African Economies Face Down European Storms

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As the eurozone crisis rumbles on, African economies are taking a beating through reduced trade and aid. But overall, growth and investment trends are holding steady, and new opportunities opening up

Paralysis in the eurozone is a global problem. As the European Central Bank repeatedly tries to recapitalise the banking system – notably in Italy, Spain, Greece and Ireland – a wider array of countries have been taking note. US president Barack Obama said the crisis was “scaring the world”. A recent HSBC report sees the BRICS entering a worrisome slowdown. G20 members, notably Japan, even sent money to the IMF to protect ‘bystanders’ from the fallout.

Africa may be calling on those funds. Given the isolation of the continent’s banking sector, there was little direct impact from the first-wave crisis at the fall of Lehman Brothers, although intangible effects – in the form of nervy market sentiment – did deter some investors. Such inflows had become lifelines. Liberia and the Democratic Republic of Congo showed the highest exposure to foreign direct investment shocks in 2010, with an FDI inflows to GDP ratio higher than 20 percent, followed by Niger at 17 percent.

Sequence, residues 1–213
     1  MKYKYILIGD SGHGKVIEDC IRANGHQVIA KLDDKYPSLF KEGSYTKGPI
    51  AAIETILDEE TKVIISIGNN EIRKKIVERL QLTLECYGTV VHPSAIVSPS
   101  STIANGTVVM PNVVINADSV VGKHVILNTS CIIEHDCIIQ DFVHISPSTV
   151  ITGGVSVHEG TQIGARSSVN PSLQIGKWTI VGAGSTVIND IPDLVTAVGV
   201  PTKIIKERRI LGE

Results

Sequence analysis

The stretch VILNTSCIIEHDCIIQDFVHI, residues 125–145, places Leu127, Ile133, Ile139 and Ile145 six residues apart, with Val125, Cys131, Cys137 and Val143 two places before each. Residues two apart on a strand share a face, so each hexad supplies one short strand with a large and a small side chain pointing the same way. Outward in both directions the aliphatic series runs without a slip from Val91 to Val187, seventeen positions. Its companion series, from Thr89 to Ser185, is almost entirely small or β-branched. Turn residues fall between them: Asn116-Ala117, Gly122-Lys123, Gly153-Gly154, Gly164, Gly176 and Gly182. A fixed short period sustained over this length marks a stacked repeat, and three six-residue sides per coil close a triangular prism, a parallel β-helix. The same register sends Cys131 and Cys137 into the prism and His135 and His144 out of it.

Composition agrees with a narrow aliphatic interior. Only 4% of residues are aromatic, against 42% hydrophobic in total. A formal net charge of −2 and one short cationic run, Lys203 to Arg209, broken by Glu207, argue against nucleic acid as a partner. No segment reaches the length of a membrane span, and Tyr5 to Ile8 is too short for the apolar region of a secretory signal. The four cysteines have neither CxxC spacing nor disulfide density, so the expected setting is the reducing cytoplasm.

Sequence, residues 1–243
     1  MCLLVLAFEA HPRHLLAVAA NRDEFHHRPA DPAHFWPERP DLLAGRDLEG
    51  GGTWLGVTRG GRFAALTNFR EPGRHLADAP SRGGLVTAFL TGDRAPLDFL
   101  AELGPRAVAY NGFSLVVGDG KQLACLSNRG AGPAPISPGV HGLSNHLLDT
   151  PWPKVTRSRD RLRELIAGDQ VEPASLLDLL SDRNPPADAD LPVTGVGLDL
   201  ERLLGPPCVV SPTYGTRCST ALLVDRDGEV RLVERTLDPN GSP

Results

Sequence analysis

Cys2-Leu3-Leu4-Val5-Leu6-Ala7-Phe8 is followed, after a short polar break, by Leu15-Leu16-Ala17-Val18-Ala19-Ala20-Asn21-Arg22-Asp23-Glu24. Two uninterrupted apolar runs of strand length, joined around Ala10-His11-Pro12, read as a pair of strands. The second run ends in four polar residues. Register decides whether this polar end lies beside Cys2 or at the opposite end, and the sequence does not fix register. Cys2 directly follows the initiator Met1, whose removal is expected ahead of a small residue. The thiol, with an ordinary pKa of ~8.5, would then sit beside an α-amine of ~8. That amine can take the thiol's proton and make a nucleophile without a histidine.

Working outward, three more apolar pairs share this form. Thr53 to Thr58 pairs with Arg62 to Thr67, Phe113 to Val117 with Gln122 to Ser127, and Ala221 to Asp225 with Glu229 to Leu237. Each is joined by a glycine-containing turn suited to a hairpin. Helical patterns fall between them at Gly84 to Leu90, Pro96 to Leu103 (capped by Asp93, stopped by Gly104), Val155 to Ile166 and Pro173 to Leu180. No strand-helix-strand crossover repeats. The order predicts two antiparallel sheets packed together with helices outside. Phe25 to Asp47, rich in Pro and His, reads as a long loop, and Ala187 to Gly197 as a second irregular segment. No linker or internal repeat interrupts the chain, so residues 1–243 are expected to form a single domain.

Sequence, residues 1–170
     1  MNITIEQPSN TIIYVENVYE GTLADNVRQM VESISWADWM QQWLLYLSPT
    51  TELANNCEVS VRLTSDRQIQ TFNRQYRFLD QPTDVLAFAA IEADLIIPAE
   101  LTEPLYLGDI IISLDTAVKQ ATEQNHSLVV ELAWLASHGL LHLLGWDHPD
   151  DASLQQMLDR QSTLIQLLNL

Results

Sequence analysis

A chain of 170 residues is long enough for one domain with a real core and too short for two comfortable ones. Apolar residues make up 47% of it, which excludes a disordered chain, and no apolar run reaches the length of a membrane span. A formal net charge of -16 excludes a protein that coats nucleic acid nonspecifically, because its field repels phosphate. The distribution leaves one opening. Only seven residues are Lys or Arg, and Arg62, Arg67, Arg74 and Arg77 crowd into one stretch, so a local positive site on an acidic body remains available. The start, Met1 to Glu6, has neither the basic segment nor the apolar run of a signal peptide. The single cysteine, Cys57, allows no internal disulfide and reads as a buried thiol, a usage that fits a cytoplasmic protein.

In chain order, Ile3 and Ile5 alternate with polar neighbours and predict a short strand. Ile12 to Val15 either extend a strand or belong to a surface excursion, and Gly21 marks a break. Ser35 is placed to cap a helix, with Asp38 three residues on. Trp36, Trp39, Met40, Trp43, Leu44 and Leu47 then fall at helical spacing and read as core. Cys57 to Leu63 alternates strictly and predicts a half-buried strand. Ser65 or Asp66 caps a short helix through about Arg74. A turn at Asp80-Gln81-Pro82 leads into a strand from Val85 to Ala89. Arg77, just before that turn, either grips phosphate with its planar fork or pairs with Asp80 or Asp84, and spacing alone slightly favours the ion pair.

The eurozone crisis will affect African countries as a knock-on effect of fiscal consolidation in Europe, which translates into declining demand for African exports of goods and services as well as declining remittances, FDI and aid flows; through financial contagion in the form of spillovers through financial intermediaries and stock markets; and through a drop in the value of currencies pegged to the euro.

“Mozambique, Kenya, Niger, Cape Verde and Cameroon are among the most vulnerable African countries to the eurozone crisis,” says Isabella Massa, an economist at the Overseas Development Institute. “This is due to the fact that these countries are highly dependent on eurozone trade flows. Cape Verde, for example, relies on the EU for over 90 percent of its exports.” Mozambique and Cameroon are highly vulnerable also because of their strong financial linkages with Europe, she adds. European banks represent over half of total bank assets in these countries. “Mozambique is also highly dependent on aid flows from Europe, especially from Portugal. Cameroon and Niger are also likely to feel the effects of the eurozone crisis through a depreciation of the euro to which their currencies are pegged”.

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